It must also be said that the Savannah Gardens redevelopment—thanks to master developers CHSA Development and the City of Savannah Housing Authority—is an exceptional example of sustainable redevelopment, possessing numerous sustainable aspects above and beyond material reclamation, which includes Earthcraft certification for all single family homes, retaining a significant number of mature trees, and low-impact development practices. In fact, Savannah Gardens is on track to become an EarthCraft Coastal Community certified development for its “green” site and building design.

We are proud to have played a small role in supporting this endeavor

Our coverage, from most recent to oldest:
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A Recent History of Savannah Gardens

as described in one of our first blog posts

Faux clapboard siding made from PVC…on top of asbestos panels…on top of cedar shingles…on top of heartpine studs. These physical layers tell us something of a building’s past. But while they are similar to the growth rings of a tree in their documentation of past conditions— and while something of the technological savvy and sociological values of those who built and lived within them can be gleaned from these layers by the astute observer—we must rely on other historical artifacts to comprehend time’s continuum in a more holistic fashion.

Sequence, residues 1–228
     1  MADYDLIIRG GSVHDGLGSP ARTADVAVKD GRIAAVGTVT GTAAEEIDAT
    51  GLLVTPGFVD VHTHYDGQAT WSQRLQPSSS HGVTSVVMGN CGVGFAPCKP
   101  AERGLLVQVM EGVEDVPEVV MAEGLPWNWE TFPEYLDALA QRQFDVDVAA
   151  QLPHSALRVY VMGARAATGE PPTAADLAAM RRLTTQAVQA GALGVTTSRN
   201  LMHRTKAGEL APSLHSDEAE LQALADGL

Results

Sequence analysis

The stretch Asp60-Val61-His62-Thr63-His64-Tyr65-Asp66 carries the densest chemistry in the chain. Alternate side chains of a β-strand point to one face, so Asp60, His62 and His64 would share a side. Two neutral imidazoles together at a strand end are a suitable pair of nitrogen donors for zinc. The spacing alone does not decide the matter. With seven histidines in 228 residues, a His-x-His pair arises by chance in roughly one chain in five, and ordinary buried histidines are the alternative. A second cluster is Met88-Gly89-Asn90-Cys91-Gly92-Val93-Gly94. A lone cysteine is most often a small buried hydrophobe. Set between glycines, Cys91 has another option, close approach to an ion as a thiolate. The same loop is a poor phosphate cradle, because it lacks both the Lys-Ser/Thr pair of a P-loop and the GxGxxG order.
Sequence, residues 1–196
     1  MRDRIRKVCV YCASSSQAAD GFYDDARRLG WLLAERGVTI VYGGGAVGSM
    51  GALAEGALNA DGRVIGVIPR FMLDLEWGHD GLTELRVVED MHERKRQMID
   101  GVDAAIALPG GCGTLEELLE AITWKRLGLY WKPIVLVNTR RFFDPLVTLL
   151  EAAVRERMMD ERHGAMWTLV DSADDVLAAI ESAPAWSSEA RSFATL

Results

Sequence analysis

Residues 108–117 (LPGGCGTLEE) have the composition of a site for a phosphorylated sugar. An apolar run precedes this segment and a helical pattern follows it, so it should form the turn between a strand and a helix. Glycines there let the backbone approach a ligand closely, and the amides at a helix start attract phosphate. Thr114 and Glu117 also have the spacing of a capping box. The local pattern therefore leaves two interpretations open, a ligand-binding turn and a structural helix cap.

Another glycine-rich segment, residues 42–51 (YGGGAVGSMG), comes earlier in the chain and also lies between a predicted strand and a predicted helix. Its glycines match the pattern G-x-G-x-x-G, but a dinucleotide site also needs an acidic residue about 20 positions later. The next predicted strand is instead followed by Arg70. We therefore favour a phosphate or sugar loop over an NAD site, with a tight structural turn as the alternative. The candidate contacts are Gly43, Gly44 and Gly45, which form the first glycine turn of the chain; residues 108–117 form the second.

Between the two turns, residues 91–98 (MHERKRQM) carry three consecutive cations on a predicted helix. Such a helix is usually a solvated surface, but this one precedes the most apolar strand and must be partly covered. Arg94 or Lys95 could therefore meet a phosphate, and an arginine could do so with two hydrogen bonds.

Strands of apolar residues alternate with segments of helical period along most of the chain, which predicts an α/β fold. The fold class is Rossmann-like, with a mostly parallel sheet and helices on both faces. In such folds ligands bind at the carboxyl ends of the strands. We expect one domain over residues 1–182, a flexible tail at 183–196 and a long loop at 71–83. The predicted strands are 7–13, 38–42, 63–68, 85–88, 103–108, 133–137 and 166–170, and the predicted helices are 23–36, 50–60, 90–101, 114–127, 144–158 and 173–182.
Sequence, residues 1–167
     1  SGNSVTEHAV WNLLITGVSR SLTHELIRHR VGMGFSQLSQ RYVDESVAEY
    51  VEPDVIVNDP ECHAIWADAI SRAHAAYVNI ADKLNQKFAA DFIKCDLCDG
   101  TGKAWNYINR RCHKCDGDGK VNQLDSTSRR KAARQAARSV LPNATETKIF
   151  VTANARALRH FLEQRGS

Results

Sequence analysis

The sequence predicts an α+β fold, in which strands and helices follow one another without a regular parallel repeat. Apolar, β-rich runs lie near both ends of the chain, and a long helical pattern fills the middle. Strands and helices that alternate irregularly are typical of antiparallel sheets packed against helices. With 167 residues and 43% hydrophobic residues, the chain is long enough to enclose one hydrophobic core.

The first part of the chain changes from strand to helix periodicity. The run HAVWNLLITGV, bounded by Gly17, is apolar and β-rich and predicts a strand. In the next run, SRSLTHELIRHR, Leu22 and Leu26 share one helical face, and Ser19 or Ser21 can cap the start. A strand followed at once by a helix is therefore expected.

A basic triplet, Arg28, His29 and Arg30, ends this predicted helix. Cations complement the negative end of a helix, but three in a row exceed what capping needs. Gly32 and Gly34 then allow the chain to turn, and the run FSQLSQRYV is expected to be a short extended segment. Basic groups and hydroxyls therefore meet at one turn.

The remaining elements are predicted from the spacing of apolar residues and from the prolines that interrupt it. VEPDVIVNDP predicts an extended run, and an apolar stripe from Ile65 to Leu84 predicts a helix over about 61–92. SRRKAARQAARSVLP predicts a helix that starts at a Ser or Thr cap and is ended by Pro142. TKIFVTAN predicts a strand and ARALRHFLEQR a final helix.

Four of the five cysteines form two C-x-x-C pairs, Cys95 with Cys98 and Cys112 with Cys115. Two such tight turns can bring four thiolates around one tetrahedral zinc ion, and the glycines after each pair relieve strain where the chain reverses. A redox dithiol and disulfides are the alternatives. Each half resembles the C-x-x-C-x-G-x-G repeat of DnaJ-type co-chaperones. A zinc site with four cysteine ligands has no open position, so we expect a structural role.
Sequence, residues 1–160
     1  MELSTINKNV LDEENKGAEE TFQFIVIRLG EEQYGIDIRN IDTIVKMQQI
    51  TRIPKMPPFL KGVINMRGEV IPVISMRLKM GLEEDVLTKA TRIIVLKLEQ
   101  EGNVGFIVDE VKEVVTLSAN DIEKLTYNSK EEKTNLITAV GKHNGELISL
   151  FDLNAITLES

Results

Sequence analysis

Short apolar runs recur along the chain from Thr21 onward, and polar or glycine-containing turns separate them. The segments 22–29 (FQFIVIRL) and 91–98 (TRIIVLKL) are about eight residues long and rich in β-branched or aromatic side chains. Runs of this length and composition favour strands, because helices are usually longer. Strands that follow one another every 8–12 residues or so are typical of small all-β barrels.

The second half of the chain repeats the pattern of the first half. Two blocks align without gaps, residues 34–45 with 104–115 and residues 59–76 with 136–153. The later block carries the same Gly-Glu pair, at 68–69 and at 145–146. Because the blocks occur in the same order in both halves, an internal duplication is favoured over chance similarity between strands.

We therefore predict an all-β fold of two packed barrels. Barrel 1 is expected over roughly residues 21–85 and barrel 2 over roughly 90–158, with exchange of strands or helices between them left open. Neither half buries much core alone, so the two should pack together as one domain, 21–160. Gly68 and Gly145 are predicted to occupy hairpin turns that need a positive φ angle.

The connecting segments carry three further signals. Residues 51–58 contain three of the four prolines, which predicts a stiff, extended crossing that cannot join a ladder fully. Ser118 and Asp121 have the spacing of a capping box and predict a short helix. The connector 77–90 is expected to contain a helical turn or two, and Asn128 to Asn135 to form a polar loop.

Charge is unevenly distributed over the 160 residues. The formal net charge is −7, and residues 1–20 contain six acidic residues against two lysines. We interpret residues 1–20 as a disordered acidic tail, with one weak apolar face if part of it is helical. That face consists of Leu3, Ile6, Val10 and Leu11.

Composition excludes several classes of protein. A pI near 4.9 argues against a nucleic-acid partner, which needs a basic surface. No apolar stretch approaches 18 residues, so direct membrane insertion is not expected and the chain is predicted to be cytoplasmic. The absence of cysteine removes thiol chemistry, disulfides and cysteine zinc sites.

The contemporary detritus that could be found scattered throughout the Strathmore Estates buildings is familiar to us; such things surround us all, and they are representative of what we ourselves possess. While the objects reveal something of how the very last occupants of these buildings lived, however, they must not be seen as marking an end, as much as marking a transformation; a sudden transition that’s worthy of contemplation despite the unending stream of similar transitions.

The images found here capture an earlier but no less sudden transition; the transition from what once was, to what once became. This transition also marked the beginnings of the physical structuring of this place that we are familiar with today. The Josiah Tattnall Homes were completed in January, 1943 as war housing that was intended  to be ‘demounted’ after World War II. Seven hundred and fifty units were built in the span of 5 months, and the site was named after Commodore Josiah Tattnall of the US Navy, who is credited for coining the phrase “blood is thicker than water,” by way of explaining his 1859 violation of US neutrality in coming to the aid of a British squadron under fire from Chinese forces in China. Josiah Tattnall was raised on his father’s plantation, Bonaventure, which is now Bonaventure Cemetery. The Tattnall Homes were built to house shipbuilders of the Southeastern Shipbuilding Corporation employed to build Liberty Ships for the war effort.